Division 2, Section 191, he must have disclosed any material personal interest in a matter relating to the affairs of the company. He must have notified Suzy in this regard when conflict arises. This duty to disclose aims to protect the interests of companies and investors. Promoters also have a duty of disclosure. Thus, a promoter may not be able to make a profit from any transaction with another company without disclosing it the company. In this current case, Michael would not have any rights to any profit from his dealing with the other companies or with Florist Supplies. In case of breach of duty, Section 185 applies and it provides that sections 180-184 are applicable with other rule of law regarding duty or liability of person because of their office or employment. It allows commencement of civil proceedings for a breach of duty or in respect of liability.

    In order to identify liability of breach of duty as provided earlier, application of the separate entity doctrine will help in this regard. A company is a separate legal entity and is distinct from its members or incorporators. A company is not a mere machinery of the shareholder to give effect to their purposes. The doctrine that the company is a separate legal entity was as established in Salomon v Salomon & Co Ltd. This is the separate entity doctrine, which has effect of property relations. Property of the company belongs to the company. Officer, directors or members of the company do not have any interest in the company’s property. A separate legal entity is created as soon the company is formed. It is the company that owns the assets put into it by the original investors. It possesses the residual income and control rights over the assets, output from production, and any further assets purchased by the company. No participants in the enterprise own these assets. In the current case, Michael does not have any right to enforce an alleged proprietary interest in Suzy's house. As a matter of fact, he does not have any claim over the assets of the company. The asset belongs to the company, which holds a separate legal entity status. All residual income and control rights over the asset belong to the company.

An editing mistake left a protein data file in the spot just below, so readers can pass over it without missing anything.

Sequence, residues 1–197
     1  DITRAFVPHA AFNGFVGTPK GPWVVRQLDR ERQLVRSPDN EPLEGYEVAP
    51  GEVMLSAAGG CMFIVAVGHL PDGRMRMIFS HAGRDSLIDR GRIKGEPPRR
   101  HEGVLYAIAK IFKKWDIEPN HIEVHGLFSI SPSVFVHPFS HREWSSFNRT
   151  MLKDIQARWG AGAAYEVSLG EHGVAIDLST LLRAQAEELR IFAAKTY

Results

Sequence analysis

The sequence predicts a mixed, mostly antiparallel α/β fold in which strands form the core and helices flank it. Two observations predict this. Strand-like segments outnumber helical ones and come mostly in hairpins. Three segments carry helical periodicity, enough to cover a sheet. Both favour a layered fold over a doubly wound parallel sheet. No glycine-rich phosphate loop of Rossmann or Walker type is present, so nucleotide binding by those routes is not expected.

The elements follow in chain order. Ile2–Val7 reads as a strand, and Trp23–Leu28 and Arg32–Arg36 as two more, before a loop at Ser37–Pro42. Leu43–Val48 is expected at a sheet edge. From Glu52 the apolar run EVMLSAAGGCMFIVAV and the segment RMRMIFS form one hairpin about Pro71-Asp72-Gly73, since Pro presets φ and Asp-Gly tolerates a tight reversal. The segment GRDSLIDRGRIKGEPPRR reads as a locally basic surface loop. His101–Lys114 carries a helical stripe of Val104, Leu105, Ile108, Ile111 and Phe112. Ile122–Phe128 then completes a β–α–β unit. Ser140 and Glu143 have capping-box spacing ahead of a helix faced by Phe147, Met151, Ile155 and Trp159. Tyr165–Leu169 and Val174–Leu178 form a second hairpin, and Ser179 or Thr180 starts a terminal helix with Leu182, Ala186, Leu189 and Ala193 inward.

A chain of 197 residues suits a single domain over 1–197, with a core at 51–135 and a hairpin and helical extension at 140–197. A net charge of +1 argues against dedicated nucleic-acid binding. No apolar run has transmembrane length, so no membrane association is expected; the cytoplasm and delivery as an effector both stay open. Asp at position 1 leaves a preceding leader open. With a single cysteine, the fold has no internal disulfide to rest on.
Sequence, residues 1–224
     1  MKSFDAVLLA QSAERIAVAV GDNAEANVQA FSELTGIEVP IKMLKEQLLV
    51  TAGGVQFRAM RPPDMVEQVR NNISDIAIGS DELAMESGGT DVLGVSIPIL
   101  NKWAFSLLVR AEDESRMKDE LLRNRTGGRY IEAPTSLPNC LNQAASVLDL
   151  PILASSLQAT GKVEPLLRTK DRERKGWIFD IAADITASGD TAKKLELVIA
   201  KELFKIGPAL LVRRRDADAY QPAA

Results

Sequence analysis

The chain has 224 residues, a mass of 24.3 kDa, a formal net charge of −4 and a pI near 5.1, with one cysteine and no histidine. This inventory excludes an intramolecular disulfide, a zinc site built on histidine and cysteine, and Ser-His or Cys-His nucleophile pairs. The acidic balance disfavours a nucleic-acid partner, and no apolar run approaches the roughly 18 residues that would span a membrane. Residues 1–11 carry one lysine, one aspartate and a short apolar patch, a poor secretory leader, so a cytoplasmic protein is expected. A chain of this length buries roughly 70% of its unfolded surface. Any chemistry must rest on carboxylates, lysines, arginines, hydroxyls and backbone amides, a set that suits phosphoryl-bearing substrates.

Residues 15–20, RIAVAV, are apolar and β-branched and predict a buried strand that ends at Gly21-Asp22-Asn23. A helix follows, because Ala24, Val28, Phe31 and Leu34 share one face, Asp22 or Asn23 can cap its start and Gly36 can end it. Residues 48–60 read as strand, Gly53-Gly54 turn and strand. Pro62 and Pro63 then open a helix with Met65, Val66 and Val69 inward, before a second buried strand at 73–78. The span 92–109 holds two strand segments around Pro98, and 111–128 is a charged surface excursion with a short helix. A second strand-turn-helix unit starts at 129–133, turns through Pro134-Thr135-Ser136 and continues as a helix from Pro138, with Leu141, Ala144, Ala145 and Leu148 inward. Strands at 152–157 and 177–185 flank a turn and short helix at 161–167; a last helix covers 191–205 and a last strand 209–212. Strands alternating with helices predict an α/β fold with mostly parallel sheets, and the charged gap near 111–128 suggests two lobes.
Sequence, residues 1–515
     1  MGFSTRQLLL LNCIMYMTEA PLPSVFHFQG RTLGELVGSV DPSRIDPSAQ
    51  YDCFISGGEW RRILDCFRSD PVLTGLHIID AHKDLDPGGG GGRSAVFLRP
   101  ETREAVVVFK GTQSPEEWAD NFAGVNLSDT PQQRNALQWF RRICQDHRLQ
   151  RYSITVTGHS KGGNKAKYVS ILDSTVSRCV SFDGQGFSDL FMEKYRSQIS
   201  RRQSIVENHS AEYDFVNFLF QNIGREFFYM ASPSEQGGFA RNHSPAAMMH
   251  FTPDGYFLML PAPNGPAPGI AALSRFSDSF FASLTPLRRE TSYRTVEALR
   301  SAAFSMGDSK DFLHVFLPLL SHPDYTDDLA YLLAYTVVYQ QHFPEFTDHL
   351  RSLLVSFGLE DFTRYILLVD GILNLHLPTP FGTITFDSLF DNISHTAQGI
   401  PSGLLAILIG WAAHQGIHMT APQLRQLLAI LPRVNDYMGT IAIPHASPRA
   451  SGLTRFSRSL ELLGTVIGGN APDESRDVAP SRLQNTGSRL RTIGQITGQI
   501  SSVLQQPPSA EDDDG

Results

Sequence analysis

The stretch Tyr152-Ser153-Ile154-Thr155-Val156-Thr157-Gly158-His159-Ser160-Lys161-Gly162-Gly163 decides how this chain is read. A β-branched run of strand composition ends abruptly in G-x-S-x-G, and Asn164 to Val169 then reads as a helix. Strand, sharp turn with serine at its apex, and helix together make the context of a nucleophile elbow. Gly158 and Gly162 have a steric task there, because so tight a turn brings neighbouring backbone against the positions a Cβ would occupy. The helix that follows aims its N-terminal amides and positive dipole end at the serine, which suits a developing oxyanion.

16. CCH Australia Limited, Australian Corporations & Securities Legislation 2011: Corporations Act 2001, ASIC Act 2001, related Regulations (McPherson’s Printing Group 2011) 222.